The U.S. Federal Reserve's aggressive bond-buying plan could soon backfire unless the central bank gradually changes course to head off inflation, a top Fed official known for his hawkish stance said on Tuesday.

Philadelphia Federal Reserve Bank President Charles Plosser said the $600-billion quantitative easing plan, known as QE2, would need to be reconsidered if the U.S. economy's current moderate recovery picks up steam.

The prospect of sustained price deflation -- a worry for Fed Chairman Ben Bernanke and other backers of the controversial QE2 plan -- is highly unlikely in part because the Fed's massive reserves will eventually flow out into the economy, Plosser added.

If the economy begins to grow more quickly and the sustainability of this recovery continues to gain traction, then the purchase program will need to be reconsidered along with other aspects of our very accommodative policy stance, Plosser said in a speech to the Risk Management Association.

The aggressiveness of our accommodative policy may soon backfire on us if we don't begin to gradually reverse course, he said.

On the other hand, if serious risks of deflation or deflationary expectations emerge, then we would need to take that into account as we adjust our policy stance.

Plosser's wide-ranging speech was his first public comment this year, in which he rotates into a voting slot on the Fed's policy-setting panel.

It comes as recent data show the U.S. economy is slowly recovering, but also as Fed officials increasingly rally behind QE2, which in early November set the Fed to purchasing Treasury securities in an effort to rejuvenate that recovery.

While some have credited QE2 for having already played a role in the rebound, Plosser said that argument likely stretches things. The policy may have affected financial markets, but it was too early to have had an impact on the real economy including jobs, retail sales and consumer spending, he told reporters.

In particular, the regional Fed president said he was watching inflation expectations and any downward trajectory in the unemployment rate for a clear signal to reverse Fed policy.


QE2, the second round of such easing, takes the Fed deeper into unchartered policy in an effort to fend off the threat of deflation and to lower unemployment, which dropped to a still-high 9.4 percent in December.

The central bank has kept interest rates near zero for more than two years to combat the worst recession in decades.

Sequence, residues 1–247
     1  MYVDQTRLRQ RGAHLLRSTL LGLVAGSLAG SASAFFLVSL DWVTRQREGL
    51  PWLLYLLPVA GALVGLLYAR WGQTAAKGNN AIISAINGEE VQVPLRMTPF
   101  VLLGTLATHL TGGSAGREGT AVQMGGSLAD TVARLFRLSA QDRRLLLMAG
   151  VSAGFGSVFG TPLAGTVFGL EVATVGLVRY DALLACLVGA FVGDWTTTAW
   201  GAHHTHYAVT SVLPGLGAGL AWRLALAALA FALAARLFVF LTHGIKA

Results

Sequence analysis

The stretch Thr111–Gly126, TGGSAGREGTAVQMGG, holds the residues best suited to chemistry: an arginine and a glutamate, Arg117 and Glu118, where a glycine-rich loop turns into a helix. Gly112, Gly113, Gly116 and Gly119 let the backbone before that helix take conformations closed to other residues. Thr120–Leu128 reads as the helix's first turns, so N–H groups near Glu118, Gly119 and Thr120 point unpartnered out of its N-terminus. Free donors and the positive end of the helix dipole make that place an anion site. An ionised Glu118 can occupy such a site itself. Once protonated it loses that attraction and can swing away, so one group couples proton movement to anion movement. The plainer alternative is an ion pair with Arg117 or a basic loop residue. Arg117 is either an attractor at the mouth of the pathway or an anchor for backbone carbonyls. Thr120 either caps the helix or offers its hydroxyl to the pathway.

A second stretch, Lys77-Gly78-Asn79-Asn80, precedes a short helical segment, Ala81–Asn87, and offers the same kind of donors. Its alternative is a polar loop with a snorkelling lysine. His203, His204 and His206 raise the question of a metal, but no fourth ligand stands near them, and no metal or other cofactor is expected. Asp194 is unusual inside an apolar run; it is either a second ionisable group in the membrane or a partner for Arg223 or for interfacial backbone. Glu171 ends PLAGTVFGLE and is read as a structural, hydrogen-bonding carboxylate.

Critics of the bond-buying, including many economists and Republican members of Congress who want it curbed, say it lays the groundwork for inflation and troublesome asset bubbles.

While inflation is currently lower than the 1.5 to 2.0 percent level many monetary policymakers would prefer, it does not follow that sustained deflation is imminent or even likely, Plosser said, adding he expects inflation will be subdued in the near term.

Inflation should accelerate toward 1.5 to 2.0 percent over the next two years, Plosser forecast. He also predicted a reading of 2.5 to 3.0 percent GDP growth in 2010, and 3.0 to 3.5 percent GDP growth annually in 2011 and 2012.

Plosser said he expects the unemployment number to bounce around in the near term before gradually recovering. Even though the U.S. jobless rate dropped last month, the economy that month generated only a disappointing 103,000 jobs, and data showed a troubling rise in the number of those exiting the workforce.

Yet reports on U.S. consumer spending, manufacturing, and trade have in recent months suggested the world's biggest economy is healing, setting a nuanced stage for the Fed's next policy-setting meeting January 25-26.

Plosser last had a vote on the policy-setting Federal Open Market Committee (FOMC) in 2008. He and Dallas Fed President Richard Fisher, also a voting member this year, are seen as most likely to vote against the majority -- though Fisher said in an article on Monday that QE2 would likely run its course.

Unanimity is not the natural state of affairs in life -- nor is it inside the halls of the Federal Reserve, Plosser said Tuesday.

(Editing by Chizu Nomiyama)